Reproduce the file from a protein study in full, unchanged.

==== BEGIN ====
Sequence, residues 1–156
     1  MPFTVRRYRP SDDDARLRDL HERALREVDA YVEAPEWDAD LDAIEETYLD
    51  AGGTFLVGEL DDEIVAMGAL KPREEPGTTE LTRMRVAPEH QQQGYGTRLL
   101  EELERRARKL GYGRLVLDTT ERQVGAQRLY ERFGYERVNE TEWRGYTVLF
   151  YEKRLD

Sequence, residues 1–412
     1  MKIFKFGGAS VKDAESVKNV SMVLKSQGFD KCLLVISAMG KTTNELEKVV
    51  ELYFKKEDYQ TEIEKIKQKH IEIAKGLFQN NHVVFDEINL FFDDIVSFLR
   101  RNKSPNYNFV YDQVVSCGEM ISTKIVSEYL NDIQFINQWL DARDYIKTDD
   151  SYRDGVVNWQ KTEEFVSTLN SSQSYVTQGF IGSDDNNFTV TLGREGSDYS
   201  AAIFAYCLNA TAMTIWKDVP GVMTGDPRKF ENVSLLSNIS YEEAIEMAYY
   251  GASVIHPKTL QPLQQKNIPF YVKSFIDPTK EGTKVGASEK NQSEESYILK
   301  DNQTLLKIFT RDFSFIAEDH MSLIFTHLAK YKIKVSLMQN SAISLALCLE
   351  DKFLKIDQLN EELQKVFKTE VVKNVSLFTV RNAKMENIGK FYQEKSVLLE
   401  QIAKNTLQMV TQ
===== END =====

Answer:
Sequence, residues 1–156
     1  MPFTVRRYRP SDDDARLRDL HERALREVDA YVEAPEWDAD LDAIEETYLD
    51  AGGTFLVGEL DDEIVAMGAL KPREEPGTTE LTRMRVAPEH QQQGYGTRLL
   101  EELERRARKL GYGRLVLDTT ERQVGAQRLY ERFGYERVNE TEWRGYTVLF
   151  YEKRLD

Sequence, residues 1–412
     1  MKIFKFGGAS VKDAESVKNV SMVLKSQGFD KCLLVISAMG KTTNELEKVV
    51  ELYFKKEDYQ TEIEKIKQKH IEIAKGLFQN NHVVFDEINL FFDDIVSFLR
   101  RNKSPNYNFV YDQVVSCGEM ISTKIVSEYL NDIQFINQWL DARDYIKTDD
   151  SYRDGVVNWQ KTEEFVSTLN SSQSYVTQGF IGSDDNNFTV TLGREGSDYS
   201  AAIFAYCLNA TAMTIWKDVP GVMTGDPRKF ENVSLLSNIS YEEAIEMAYY
   251  GASVIHPKTL QPLQQKNIPF YVKSFIDPTK EGTKVGASEK NQSEESYILK
   301  DNQTLLKIFT RDFSFIAEDH MSLIFTHLAK YKIKVSLMQN SAISLALCLE
   351  DKFLKIDQLN EELQKVFKTE VVKNVSLFTV RNAKMENIGK FYQEKSVLLE
   401  QIAKNTLQMV TQ